XNA Spritebatch? Watch Your Scaling!

Here’s an interesting tidbit I ran across in an App Hub thread about xna spritebatch performance: scaling down sprites can cost performance. A lot of it. While drawing a large texture scaled down will probably be faster than drawing that large texture at its full size, the difference between drawing a large texture scaled down versus drawing a smaller texture at its native scale can be surprisingly large. One of the examples in the thread showed that the framerate tripled when switching from drawing 256×256 textures at 0.125 scale versus drawing 32×32 textures at 1.0 scale.

With a performance difference that big I just had to see it for myself, so I decided to whip up a little experiment to try it out.

First of all, I start with the performance timing application I put together in an earlier post. Then, I setup a large number of sprites (1024 to be exact because, well you know, programmers like power-of-2 numbers) to be drawn at various random positions. I also make half of the sprites translucent while the other half have full alpha. Finally, I scale all the sprites by 0.5.

public struct TileSprite
	public Texture2D Texture;
	public Rectangle? SourceRect;
	public Vector2 Position;
	public float Scale;
	public Color Color;
	public float Depth;

	public TileSprite(Texture2D _texture, Rectangle? _sourceRect, Vector2 _position, float _scale, Color _color, float _depth)
		Texture = _texture;
		SourceRect = _sourceRect;
		Position = _position;
		Scale = _scale;
		Color = _color;
		Depth = _depth;

	public void Draw(SpriteBatch spriteBatch)
		spriteBatch.Draw(Texture, Position, SourceRect, Color, 0.0f, Vector2.Zero, Scale, SpriteEffects.None, 0.0f);

protected override void LoadContent()
	// Create a new SpriteBatch, which can be used to draw textures.
	spriteBatch = new SpriteBatch(GraphicsDevice);

	// TODO: use this.Content to load your game content here
	stopWatchFont = Content.Load<SpriteFont>("DefaultFont");

	List<Texture2D> textures = new List<Texture2D>();
	float spriteScale = 0.5f;
	textures.Add(Content.Load<Texture2D>("PlanetCute PNG/Character Boy"));
	textures.Add(Content.Load<Texture2D>("PlanetCute PNG/Character Cat Girl"));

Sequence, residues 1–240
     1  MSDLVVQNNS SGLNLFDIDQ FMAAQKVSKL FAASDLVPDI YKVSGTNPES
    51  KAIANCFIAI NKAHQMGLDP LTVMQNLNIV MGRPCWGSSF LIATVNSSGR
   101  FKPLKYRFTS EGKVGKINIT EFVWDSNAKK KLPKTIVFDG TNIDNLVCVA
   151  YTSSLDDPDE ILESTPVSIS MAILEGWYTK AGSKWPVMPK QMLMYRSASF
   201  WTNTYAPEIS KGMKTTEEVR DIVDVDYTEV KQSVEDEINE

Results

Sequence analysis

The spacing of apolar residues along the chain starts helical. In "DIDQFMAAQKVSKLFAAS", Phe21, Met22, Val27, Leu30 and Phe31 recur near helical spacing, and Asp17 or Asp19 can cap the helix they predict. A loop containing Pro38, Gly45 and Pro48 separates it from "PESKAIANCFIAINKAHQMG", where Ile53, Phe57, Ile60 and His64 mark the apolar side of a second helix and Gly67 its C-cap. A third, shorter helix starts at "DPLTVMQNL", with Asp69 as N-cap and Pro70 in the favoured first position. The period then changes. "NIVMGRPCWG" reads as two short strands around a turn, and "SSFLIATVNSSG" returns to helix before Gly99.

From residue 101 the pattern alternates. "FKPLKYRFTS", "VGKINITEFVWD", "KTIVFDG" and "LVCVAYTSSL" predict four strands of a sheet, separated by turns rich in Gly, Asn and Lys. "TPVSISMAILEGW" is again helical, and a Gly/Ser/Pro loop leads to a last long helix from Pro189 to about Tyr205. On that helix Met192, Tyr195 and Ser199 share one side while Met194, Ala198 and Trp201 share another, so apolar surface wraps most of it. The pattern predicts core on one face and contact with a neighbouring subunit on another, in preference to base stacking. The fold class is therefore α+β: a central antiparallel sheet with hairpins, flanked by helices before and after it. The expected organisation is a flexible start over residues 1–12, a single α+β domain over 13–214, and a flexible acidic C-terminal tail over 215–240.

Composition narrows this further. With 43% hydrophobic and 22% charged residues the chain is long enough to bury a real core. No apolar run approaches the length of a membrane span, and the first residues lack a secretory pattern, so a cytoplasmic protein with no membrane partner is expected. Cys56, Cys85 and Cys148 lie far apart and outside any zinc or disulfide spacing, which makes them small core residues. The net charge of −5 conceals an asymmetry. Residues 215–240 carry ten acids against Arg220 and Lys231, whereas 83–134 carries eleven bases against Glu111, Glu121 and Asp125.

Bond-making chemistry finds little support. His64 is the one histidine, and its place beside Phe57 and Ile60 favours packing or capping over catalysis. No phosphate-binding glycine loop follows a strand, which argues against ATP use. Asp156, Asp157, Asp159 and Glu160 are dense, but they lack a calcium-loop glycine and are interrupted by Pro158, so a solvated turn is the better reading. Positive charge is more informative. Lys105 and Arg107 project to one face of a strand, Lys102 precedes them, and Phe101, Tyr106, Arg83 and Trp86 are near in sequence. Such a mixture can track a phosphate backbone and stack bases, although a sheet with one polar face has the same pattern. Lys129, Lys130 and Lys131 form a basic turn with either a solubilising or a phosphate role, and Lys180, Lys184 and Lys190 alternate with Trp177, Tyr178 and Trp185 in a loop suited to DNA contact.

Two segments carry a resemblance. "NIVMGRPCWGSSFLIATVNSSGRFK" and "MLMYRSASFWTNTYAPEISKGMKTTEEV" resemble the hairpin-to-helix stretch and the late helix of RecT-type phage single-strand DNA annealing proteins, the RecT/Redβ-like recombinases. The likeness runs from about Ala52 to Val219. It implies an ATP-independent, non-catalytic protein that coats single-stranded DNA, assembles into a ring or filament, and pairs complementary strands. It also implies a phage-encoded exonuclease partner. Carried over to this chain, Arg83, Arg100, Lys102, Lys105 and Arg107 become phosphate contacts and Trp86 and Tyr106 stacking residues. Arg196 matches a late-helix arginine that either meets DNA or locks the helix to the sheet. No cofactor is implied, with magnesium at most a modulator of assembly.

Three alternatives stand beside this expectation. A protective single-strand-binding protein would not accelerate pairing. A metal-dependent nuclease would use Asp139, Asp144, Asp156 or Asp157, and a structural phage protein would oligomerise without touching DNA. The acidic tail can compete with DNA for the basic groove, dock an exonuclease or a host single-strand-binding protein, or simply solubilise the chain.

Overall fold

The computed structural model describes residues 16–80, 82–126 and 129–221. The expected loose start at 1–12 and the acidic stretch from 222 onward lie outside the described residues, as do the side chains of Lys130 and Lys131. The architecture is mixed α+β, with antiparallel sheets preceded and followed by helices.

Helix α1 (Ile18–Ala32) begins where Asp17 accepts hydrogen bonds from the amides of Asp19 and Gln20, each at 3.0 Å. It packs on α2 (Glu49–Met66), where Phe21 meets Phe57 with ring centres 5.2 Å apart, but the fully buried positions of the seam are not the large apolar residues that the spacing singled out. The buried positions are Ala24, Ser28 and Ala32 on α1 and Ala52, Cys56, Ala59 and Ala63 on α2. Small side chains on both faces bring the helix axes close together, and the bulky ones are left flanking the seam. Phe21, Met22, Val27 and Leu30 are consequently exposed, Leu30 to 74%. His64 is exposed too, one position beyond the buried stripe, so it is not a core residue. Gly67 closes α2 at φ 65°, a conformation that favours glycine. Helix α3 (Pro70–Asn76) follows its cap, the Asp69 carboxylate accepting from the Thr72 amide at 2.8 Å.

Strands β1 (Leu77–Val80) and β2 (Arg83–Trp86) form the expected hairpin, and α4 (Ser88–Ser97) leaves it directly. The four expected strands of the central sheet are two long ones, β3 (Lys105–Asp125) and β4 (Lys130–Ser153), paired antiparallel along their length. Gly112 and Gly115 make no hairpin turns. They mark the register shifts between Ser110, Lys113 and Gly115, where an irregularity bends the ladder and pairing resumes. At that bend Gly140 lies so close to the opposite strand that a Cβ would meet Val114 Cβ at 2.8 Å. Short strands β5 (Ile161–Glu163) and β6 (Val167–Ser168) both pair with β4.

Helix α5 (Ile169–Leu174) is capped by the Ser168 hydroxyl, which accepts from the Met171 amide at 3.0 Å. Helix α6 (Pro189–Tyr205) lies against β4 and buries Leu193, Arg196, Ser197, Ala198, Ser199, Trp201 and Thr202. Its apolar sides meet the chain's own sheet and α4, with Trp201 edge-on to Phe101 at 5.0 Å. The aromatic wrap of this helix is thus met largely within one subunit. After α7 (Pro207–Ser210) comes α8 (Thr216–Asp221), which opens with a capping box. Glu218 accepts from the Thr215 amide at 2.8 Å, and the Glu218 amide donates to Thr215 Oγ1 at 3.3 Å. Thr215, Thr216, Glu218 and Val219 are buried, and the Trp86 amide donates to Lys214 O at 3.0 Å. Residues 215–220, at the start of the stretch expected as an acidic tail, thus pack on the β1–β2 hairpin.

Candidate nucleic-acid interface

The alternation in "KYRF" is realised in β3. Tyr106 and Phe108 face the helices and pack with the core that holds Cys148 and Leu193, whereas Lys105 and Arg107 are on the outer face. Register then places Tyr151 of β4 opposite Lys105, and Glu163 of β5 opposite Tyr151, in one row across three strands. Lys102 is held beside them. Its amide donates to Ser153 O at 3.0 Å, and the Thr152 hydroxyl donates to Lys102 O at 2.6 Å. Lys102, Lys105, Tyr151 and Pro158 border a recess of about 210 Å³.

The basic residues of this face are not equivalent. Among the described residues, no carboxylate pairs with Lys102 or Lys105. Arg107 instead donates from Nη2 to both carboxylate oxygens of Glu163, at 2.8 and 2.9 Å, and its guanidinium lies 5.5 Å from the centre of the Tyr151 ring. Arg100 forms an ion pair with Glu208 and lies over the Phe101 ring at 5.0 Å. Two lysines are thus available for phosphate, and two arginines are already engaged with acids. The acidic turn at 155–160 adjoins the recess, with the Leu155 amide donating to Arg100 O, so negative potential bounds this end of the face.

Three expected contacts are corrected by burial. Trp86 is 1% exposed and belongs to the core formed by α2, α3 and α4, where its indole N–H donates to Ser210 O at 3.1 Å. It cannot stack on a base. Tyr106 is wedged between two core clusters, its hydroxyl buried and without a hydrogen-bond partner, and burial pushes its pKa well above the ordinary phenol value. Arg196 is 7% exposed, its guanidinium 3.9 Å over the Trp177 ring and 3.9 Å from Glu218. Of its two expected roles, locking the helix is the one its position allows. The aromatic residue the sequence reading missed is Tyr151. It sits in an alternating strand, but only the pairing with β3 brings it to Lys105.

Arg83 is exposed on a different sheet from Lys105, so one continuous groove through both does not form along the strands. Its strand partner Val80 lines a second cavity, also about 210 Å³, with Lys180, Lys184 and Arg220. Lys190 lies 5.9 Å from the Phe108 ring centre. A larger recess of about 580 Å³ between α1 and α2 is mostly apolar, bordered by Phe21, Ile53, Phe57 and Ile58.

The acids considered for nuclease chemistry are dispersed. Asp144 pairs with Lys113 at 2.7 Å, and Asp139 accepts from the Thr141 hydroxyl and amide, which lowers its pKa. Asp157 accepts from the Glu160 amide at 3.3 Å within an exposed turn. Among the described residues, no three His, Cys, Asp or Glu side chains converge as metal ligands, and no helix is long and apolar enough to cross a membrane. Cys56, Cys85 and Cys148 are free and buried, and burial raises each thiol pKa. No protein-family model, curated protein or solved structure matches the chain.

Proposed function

textures.Add(Content.Load<Texture2D>("PlanetCute PNG/Character Horn Girl"));
	textures.Add(Content.Load<Texture2D>("PlanetCute PNG/Character Pink Girl"));
	textures.Add(Content.Load<Texture2D>("PlanetCute PNG/Character Princess Girl"));
	List<Rectangle> spriteRects = new List<Rectangle>();
	Texture2D packedTexture = TexturePacker.PackSprites(GraphicsDevice, textures, spriteRects);

	Random rng = new Random(1024);
	sprites = new List<TileSprite>(SPRITE_COUNT);
	for (int i = 0; i < SPRITE_COUNT; ++i)
		Vector2 spritePosition = new Vector2((float)rng.NextDouble() * GraphicsDevice.PresentationParameters.BackBufferWidth - 50, (float)rng.NextDouble() * GraphicsDevice.PresentationParameters.BackBufferHeight + 20);
		float alphaChance = (float)rng.NextDouble();
		Color spriteColor = new Color(1.0f, 1.0f, 1.0f, alphaChance <= 0.5f ? 0.5f + alphaChance : 1.0f);

		TileSprite spriteData = new TileSprite(packedTexture, spriteRects[rng.Next(spriteRects.Count)], spritePosition, spriteScale, spriteColor, (float)i / SPRITE_COUNT);
		//TileSprite spriteData = new TileSprite(textures[rng.Next(textures.Count)], null, spritePosition, spriteColor);

It’s a pretty rough approximation of what may get rendered in a real game, but it’ll do for illustrating the change in performance due to sprite scaling.

Captured off my Xbox 360, it takes roughly 4.4 ms to draw these 1024 sprites. The sprite textures are 101×171 scaled by 0.5 during rendering.

Okay, so I have a performance baseline for the downscaled texture case. The next step is to modify my code to draw smaller textures at full scale. Popping open Gimp, I create half-size versions of the PlanetCute character textures then modify my sprite setup code:

	List<Texture2D> textures = new List<Texture2D>();
	float spriteScale = 1.0f;
	textures.Add(Content.Load<Texture2D>("PlanetCute PNG/Character Boy Small"));
	textures.Add(Content.Load<Texture2D>("PlanetCute PNG/Character Cat Girl Small"));
	textures.Add(Content.Load<Texture2D>("PlanetCute PNG/Character Horn Girl Small"));
	textures.Add(Content.Load<Texture2D>("PlanetCute PNG/Character Pink Girl Small"));
	textures.Add(Content.Load<Texture2D>("PlanetCute PNG/Character Princess Girl Small"));
	List<Rectangle> spriteRects = new List<Rectangle>();
	Texture2D packedTexture = TexturePacker.PackSprites(GraphicsDevice, textures, spriteRects);

Running this version of the code gets me the following:

Looking at the drawtime per frame, I can see that the performance is vastly improved. There are some scaling artifacts but those are from inconsistencies between Gimp’s scaling and DirectX’s.

From the App Hub thread, according to Shawn Hargreaves this change in performance is due to the Xbox 360 not being optimized for scaled textures. Large textures being scaled down results in lots of texels being sampled for each on-screen pixel and the texture cache getting cleared unnecessarily. He goes on to say that mipmaps will help this sort of situation since a smaller mipmap texture will be cached better for a small sprite.

So, there you go. Scaling down hurts. Sure, large textures scaled down will generally still cost less draw time than large textures drawn at full size, but you end up leaving a lot of potential performance on the table when your scaled-down sprites don’t have appropriately scaled-down textures to support them.

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One thought on “XNA Spritebatch? Watch Your Scaling!

  1. Pingback: Spatial Indexing for Fun and Performance | Game Dev Without a Cause

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